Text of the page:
The plaintiff's FOIA request was filed on November 12, 1981, prior to the release of the Draft EIS, which was then still in preparation. The request sought copies of all documents and other materials relating to the EIS. No completed Final EIS or Draft EIS was in existence at the time of this request, and an employee of the NRC orally informed the plaintiff that no documents would be released pursuant to this request. Plaintiff then filed a written appeal from this initial denial. The appeal was in turn denied in a letter directed to plaintiff's attorney, dated December 21, 1981. The letter emphasized that numerous records relating to the Kerr-McGee project had already been released to West Chicago in connection with related FOIA requests of that city. It noted that the NRC would comply with the disclosure and comment requirements of NEPA and that West Chicago would have the opportunity to comment on Argonne's final product in the form of a Draft EIS. The denial letter claimed that the materials requested were exempt from the disclosure requirements of the FOIA by virtue of an Exemption in that statute.

The Nixon affidavit, referred to above, is a fairly detailed document that describes both the process of preparation of the Draft EIS and, in rather cursory fashion, the content of each of the eight sections and five appendices of the third preliminary version of the Draft EIS. The Nixon affidavit is the only submission in this case that provides any hint of the contents of the disputed document. The portion of the Nixon affidavit that describes the document is reproduced here in its entirety:

  9. Th[e] third draft of the Draft EIS consists of
  329 pages. It is divided into eight sections and
  contains five appendices.
  10. Section 1 of the third draft contains a
  ten-page summary description of the Kerr-McGee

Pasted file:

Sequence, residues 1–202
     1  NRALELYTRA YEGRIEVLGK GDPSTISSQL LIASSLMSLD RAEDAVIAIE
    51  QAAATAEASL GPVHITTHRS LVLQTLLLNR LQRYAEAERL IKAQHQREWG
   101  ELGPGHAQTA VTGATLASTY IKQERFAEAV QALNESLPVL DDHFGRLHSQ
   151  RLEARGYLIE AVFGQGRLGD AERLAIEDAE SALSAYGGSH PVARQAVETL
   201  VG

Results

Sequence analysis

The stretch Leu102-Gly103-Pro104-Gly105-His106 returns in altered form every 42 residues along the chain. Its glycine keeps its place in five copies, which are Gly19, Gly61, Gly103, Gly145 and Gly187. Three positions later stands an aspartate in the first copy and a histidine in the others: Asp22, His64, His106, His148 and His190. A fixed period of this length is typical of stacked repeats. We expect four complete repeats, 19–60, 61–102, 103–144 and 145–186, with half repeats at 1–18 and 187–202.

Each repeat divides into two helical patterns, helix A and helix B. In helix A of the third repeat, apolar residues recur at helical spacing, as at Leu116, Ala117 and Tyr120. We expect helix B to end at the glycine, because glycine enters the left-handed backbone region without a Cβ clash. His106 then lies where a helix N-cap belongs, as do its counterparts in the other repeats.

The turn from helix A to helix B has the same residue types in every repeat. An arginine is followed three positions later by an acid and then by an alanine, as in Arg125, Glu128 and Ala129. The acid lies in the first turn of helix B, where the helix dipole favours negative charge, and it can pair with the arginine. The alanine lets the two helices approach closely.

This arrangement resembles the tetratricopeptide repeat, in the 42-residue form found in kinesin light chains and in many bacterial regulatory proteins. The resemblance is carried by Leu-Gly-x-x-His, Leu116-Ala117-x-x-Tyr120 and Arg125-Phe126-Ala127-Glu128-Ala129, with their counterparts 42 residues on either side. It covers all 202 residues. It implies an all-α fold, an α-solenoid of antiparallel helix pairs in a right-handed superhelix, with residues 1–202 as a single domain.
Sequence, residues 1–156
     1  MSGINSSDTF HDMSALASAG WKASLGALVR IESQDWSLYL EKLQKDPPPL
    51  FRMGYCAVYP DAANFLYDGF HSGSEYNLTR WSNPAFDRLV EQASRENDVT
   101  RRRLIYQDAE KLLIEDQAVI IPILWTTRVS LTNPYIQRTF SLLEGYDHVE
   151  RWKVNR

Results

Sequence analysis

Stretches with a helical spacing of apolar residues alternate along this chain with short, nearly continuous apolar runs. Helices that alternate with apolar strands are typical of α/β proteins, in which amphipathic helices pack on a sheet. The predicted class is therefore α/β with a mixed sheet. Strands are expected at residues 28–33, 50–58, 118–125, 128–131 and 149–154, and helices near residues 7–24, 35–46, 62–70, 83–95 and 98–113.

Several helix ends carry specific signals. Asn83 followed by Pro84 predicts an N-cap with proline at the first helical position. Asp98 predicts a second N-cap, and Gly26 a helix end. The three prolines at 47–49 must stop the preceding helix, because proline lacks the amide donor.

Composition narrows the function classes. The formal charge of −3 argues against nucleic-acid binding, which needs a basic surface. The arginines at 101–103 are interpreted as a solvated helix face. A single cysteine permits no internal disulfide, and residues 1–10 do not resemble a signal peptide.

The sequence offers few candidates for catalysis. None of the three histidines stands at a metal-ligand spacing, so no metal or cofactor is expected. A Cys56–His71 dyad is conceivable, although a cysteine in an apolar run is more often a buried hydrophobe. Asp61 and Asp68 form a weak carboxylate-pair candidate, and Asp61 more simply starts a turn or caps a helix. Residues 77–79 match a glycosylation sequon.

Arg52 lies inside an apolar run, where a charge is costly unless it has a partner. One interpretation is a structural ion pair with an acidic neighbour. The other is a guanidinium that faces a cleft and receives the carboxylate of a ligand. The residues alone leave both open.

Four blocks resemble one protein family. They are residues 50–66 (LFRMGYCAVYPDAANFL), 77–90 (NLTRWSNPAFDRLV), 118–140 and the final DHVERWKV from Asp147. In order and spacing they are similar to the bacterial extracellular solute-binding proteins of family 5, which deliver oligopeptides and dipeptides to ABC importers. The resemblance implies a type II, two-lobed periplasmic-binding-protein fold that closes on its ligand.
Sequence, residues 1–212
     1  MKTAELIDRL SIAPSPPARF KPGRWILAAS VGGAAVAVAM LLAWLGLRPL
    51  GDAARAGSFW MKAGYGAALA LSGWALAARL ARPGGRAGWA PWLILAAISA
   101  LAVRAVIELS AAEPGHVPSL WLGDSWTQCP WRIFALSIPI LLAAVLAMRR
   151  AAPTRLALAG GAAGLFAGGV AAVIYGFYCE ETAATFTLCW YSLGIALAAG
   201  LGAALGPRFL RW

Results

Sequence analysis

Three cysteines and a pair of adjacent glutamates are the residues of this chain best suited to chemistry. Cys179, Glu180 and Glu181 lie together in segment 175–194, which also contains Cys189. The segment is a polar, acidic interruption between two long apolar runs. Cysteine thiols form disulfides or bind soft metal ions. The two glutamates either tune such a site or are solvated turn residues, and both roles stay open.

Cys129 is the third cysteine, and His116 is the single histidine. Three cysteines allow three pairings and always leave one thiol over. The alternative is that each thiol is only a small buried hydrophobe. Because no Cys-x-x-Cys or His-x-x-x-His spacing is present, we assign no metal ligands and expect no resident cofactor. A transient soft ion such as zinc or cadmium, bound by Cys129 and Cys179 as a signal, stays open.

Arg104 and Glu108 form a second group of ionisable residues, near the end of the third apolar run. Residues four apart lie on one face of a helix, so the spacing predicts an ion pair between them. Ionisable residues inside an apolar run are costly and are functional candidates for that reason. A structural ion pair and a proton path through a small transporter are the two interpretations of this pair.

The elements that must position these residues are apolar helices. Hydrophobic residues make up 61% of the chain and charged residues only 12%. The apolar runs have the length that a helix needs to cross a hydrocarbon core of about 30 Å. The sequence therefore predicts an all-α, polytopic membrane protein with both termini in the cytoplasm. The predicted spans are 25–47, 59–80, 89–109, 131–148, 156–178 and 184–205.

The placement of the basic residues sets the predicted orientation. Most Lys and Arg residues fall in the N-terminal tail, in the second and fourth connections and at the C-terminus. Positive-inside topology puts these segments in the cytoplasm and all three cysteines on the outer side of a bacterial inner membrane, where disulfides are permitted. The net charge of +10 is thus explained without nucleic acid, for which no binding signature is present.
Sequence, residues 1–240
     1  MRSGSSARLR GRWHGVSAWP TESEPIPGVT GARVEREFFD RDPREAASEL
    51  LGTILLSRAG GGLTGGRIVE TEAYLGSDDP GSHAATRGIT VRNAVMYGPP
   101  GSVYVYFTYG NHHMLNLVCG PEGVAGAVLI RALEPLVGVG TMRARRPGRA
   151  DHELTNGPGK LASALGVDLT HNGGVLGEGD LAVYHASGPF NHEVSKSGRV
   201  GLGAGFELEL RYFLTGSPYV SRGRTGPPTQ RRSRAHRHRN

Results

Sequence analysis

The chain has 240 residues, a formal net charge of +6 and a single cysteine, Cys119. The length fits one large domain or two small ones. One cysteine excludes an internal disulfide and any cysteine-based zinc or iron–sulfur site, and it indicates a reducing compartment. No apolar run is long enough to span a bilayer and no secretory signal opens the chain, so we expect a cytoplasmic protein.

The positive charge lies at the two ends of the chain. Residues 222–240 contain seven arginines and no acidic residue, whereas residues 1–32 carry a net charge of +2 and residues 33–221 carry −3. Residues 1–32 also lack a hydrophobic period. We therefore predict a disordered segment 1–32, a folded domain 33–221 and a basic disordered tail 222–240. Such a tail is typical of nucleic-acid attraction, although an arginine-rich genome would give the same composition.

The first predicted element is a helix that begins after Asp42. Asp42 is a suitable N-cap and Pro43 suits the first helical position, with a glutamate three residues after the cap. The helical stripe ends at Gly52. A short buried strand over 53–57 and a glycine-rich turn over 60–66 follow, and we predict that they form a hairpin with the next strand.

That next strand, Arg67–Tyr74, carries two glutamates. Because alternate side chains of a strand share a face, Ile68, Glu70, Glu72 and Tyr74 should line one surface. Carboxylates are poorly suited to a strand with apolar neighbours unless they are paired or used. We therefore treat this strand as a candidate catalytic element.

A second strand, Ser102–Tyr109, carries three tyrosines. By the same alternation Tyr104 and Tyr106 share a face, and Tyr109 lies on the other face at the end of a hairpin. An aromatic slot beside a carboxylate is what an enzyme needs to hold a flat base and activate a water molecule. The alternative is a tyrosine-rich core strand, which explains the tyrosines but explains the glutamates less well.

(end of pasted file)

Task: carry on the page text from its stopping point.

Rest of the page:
site in West Chicago and a brief discussion of
  the six proposed decommissioning alternatives
  that were under consideration. Section 1 also
  includes a brief analysis of the environmental
  impacts involved in each alternative as well as
  any restraints that exist for the implementation
  of any of the proposed alternatives. Finally,
  this section contains a short explanation of the
  NRC staff's preferred choice (in December 1981)
  among the six alternatives and a description of
  the licensing and other regulatory activities
  necessary to carry out that alternative.
  11. Section 2 of the third draft contains a
  two-page summary history of the Rare Earth
  Facility and of the development of the
  decommissioning plan, which is derived from
  information already in the public record.
  12. Section 3 of the third draft is twenty-seven
  pages long and contains a more detailed analysis
  of the six proposed decommissioning alternatives
  being considered and the costs and problems
  associated with each of the proposals.
  13. Section 4 of the third draft is a 161-page
  detailed description of the West Chicago site and
  the proposed alternative disposal sites. The
  descriptions include discussions of the pertinent
  details of each disposal site's topography,
  climate, demography and social profile,
  historical and archaeological resources, water
  resources, flora and fauna, and the existing
  radiation environment.
  14. Section 5 of the third draft is a
  seventy-nine page description of the
  environmental impacts at each of the proposed
  alternative sites in terms of air quality,
  topography, socio-economic and political
  concerns, land resources, historical and
  archaeological resources, water resources, flora
  and fauna, and radiation health. It also
  discusses proposed methods of mitigating
  undesirable impacts, where applicable, and sets
  forth any irreversible and irretrievable
  commitments of resources for each of the
  15. Section 6 of the third draft is an eight-page
  delineation of the environmental effects of
  potential accidents, both radiological and
  nonradiological, that could be considered unique
  to any of the decommissioning alternatives. Also
  discussed are safety measures to prevent such
  potential accidents or minimize their impacts.
  16. Section 7 of the third draft is an eight-page
  description of the monitoring programs that are
  now in existence, or may need to be instituted,
  with regard to each of the proposed alternatives.
  17. Section 8 of the third draft is a one-page
  list of those who contributed to its preparation.
  18. Attached to the third draft are five
  appendices, totalling thirty-three pages in
  length, that compile data relating to various
  aspects of the proposed decommissioning
  alternatives, including the methodology of site
  selection and surveys of the physical ...